Religious tolerance is defined as the acceptance of people of any religion, no matter their beliefs, in return for protection from discrimination, violence or other harm.

It is an important principle to uphold.

Religious tolerance also applies to people of all religions, but some people find it difficult to define it.

So how can you tell if a religion is religious tolerance?

Religious tolerance applies to anyone, regardless of their beliefs or their religion.

If you believe a person is a member of a particular religion, you should respect that person and not try to impose your religion on them.

But if you think they have an incompatible religious belief, or if you believe they have something wrong with them, then they are not religious tolerance.

Religious intolerance also applies if you suspect someone may be a member or adherent of a religion you do not approve of.

If someone has offended you in a way you find objectionable, you may find it necessary to report them to the police.

You may also want to speak to your GP about your concerns, if you feel they are likely to be the source of the offence.

If religious intolerance has occurred in the past, you must contact the authorities.

In some countries, the police may be called in to investigate.

They may be required to prove that the offending party is religious intolerance.

The police may also be called if a religious institution is found to have discriminated against a person on the grounds of religion or belief.

In the UK, you can also lodge a complaint with your local council.

This is where you can complain about discriminatory behaviour and/or abuse, and it can take up to a month to resolve the complaint.

It may take several years before a complaint is considered by the council.

Religious discrimination can also be unlawful under British law.

It can be unlawful to refuse to hire or to act in a particular way in a public place on the ground of religious belief.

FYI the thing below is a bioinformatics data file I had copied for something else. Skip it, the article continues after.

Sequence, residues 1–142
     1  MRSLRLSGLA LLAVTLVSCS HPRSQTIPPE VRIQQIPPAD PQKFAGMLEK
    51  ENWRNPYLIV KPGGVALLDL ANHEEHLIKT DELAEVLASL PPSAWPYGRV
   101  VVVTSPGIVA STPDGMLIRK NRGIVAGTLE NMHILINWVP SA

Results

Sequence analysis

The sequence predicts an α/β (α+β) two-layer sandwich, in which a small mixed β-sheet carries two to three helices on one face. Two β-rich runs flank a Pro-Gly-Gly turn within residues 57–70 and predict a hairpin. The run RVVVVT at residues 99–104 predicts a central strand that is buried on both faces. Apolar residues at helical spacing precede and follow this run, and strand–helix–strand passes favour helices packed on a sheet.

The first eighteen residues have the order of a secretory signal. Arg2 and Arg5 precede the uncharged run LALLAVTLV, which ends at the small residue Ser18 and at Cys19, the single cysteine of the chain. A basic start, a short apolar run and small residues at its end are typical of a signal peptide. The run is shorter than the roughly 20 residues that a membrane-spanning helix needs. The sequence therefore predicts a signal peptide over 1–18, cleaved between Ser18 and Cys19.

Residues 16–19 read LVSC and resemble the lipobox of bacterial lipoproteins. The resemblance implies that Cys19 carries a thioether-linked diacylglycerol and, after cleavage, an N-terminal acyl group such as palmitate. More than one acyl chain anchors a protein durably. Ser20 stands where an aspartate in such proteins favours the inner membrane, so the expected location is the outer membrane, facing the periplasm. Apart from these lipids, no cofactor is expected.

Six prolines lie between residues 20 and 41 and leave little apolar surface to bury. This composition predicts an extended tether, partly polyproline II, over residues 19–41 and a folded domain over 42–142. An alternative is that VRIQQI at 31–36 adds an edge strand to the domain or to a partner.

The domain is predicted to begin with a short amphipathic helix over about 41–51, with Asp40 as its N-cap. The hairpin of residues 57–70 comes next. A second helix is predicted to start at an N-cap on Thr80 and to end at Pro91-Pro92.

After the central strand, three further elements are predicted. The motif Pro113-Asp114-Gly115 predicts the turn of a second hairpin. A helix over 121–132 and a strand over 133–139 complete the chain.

You can also complain about discrimination in a private space, including in your home or workplace.

However, this does not mean you have to report a person’s behaviour to the authorities, or lodge a police complaint.

In many countries, discrimination in the workplace is not criminalised.

In those countries, you do have to take legal action to prevent discrimination in your workplace.

If discrimination occurs in your local area, you need to follow the legal advice of an experienced civil servant, who can help you to lodge a claim with the police or to lodge the complaint with the employment tribunal.

You should also be aware that it is possible that discrimination will be unlawful in your area even if the conduct in question is illegal in your country.

For example, in Germany, if someone is a migrant who arrives in Germany as a refugee and then commits an act of violence, that may be illegal in the UK.

If a Muslim woman has been subjected to sexual violence in a shop in Germany after being refused service, this may also constitute discrimination under British legislation.

You must not discriminate against anyone on the basis of religion, nationality, place of birth, colour, sex, gender identity or expression or disability.

It also means that you should not discriminate in relation to sexual orientation, gender expression, pregnancy, sexual activity or gender reassignment.

It does not matter whether you are treating someone on the same basis as yourself.

This includes your religious belief system.

In addition, discrimination should not be used to deny services to people because of their race, colour or national or ethnic origin.

Religious freedom and equality There are also some legal protections that can be used by individuals to protect themselves or others from discrimination.

These include the freedom of conscience, freedom of speech and the right to protection of the environment.

It will also help to understand how you can be protected from discrimination in public spaces.

You are protected if you are able to: wear a distinctive religious symbol on your shirt, or on your jacket, or anywhere else that you feel is appropriate for that purpose